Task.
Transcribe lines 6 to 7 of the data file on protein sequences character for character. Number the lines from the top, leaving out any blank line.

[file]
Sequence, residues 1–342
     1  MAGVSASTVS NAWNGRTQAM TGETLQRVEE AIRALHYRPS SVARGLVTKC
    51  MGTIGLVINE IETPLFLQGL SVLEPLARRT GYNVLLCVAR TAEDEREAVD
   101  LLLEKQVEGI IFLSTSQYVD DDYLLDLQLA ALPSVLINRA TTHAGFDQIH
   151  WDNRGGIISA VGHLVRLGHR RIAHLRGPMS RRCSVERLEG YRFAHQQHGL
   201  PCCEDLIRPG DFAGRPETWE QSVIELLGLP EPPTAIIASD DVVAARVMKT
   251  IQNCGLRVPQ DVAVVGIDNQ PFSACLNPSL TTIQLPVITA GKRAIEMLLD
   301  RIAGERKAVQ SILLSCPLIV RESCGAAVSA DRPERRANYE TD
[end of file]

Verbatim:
   201  PCCEDLIRPG DFAGRPETWE QSVIELLGLP EPPTAIIASD DVVAARVMKT
   251  IQNCGLRVPQ DVAVVGIDNQ PFSACLNPSL TTIQLPVITA GKRAIEMLLD